FWIW, the study of cold fusion is based on reasonable physics: the probability of fusion goes up if you can increase the density of hydrogen. The probability isn't very high, but it is measurable, and Jones (betrayed by Pons and Fleischmann) had gotten some reasonable-looking numbers; consistent with a slightly increased nuclear overlap and nowhere near the level needed to harness for energy production. (Jones has since gone nuts and is a truther.)
James, thank you for the answer. Unfortunately the only thing I can derive from it is that I need to drink more.
The following is an e-mail from a NASA physicist when I asked a similar question. Maybe you can make some sense of it. I would love to have the money to buy a professional phyicist (or two) to answer all my wacko questions....maybe if I win the lottery.
With respect to the curvature of space/time in the universe as a whole,
> the total warping of space/time comes not only from the "normal" mass,
> but from the total mass-energy density of the universe. When that total
> energy density is calculated, if it is exactly equal to a certain
> critical density, then space/time is "flat" or "Euclidean". Currently,
> that is thought to be the case -- that our universe is right at the
> critical density and hence is "flat". In calculating this total energy
> density, even massless particles like photons contribute, because they
> still have energy, even though they have zero mass. Similarly, the dark
> energy, whether it is a cosmological constant or some other strange
> particle or field, makes a positive contribution to the energy density
> (currently the dark energy contribution is estimated to be ~72% of the
> critical energy density of the universe, and the sum of everything --
> normal matter, dark matter, radiation, dark energy -- comes out to 100%
> of the critical density to within the observational uncertainties).
> What is so strange about the dark energy, whatever it is, is that it
> appears to have a negative pressure (unlike ordinary matter and
> radiation), producing a sort of "tension" in the universe that makes the
> expansion of the universe accelerate, as though there is a "negative
> gravity" acting to push everything apart faster and faster, rather than
> a net "positive gravity" that we are used to, that would tend to slow
> down the expansion.
> Note that the discussion above refers to the large-scale structure and
> curvature of space/time in the universe as a whole. Near discrete
> massive objects like our sun, or other stars, or black holes, their
> "normal" positive gravity dominates their local surroundings, so you get
> the kind of local space-time curvature effects that are the fundamental
> elements of general relativity (and that have stood up to ever more
> precise observational tests!).
> If you think this is all pretty strange, we couldn't agree with you
That might just mean that we didn't understand gravity at large distances, of course.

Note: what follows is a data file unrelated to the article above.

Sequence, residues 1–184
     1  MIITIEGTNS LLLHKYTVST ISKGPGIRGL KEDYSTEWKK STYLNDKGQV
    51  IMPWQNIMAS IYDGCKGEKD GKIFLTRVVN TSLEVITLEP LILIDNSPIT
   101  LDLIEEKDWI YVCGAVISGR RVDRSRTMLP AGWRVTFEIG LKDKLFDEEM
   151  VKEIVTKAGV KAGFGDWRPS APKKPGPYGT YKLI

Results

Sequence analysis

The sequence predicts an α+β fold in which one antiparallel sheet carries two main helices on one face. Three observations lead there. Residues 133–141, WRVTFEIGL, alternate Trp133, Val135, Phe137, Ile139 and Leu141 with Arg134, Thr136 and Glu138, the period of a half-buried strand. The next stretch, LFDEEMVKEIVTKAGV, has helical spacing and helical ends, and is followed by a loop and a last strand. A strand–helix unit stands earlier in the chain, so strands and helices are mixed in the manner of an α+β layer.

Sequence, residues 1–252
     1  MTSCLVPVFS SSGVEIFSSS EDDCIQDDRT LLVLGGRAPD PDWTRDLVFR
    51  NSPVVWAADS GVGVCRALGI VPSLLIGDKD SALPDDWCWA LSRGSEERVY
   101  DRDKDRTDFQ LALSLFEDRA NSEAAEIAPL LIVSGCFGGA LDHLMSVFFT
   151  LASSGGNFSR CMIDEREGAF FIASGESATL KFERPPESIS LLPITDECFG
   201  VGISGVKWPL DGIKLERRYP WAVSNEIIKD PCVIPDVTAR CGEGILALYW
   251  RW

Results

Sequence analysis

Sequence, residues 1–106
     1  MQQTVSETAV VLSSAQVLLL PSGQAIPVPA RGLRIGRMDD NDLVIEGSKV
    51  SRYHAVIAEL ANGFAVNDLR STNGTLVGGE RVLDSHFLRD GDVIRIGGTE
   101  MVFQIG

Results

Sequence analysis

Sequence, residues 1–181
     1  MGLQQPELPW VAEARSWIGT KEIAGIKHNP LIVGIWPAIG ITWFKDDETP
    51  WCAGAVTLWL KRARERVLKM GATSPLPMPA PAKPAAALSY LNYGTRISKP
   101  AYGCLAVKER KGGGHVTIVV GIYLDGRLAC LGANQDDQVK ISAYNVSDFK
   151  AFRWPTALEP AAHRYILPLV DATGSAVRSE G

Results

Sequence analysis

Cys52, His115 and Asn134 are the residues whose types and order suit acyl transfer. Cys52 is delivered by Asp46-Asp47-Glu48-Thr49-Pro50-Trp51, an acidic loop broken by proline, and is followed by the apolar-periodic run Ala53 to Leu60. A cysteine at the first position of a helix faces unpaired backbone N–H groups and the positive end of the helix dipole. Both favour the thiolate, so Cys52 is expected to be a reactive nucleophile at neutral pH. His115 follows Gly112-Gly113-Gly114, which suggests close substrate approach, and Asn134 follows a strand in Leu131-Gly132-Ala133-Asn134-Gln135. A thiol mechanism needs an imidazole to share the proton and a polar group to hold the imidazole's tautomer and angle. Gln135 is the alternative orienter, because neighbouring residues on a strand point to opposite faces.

Are you adding time-dialation due to speed of the Galaxy's approach?
Posted by: Redneck Jim ||
09/08/2009 13:02 Comments ||
Sorry, typo on my part; all my notes were wrt Dark Matter, not Dark Energy.
"Dark Energy" is a little less well attested experimentally. You need it to make the current theories of the universe's expansion work out right, and they measure a change in the expansion rate that seems to act like a pressure (due to some unseen energy?); but the required dark energy fraction of the total energy is so huge that I get skeptical. On the other hand there's obviously _something_ there already that we don't understand, so maybe "dark energy" isn't so improbable an add-on.
The too-fast star orbits in a galaxy might mean that we don't know gravity well enough (hence the MOND theories), but things like the bullet cluster seem to point to the presence of something substantial but unseen.
Had to deal with PC three years ago. Had TomoTherapy radiation treatment. Still dealing with it. As the doctor said I will be always dealing with it.
What I have found over the last three years is how little is known about the causation of prostate cancer rather than how much is known. I have also learned how important each day is and not to take anything for granted.
I cannot see how BO's health cared proposal would do anything but detract from the quality of treatment I received.
A multi-volume chronology and reference guide set detailing three years of the Mexican Drug War between 2010 and 2012.
Rantburg.com and borderlandbeat.com correspondent and author Chris Covert presents his first non-fiction work detailing
the drug and gang related violence in Mexico.
Chris gives us Mexican press dispatches of drug and gang war violence
over three years, presented in a multi volume set intended to chronicle the death, violence and mayhem which has
dominated Mexico for six years.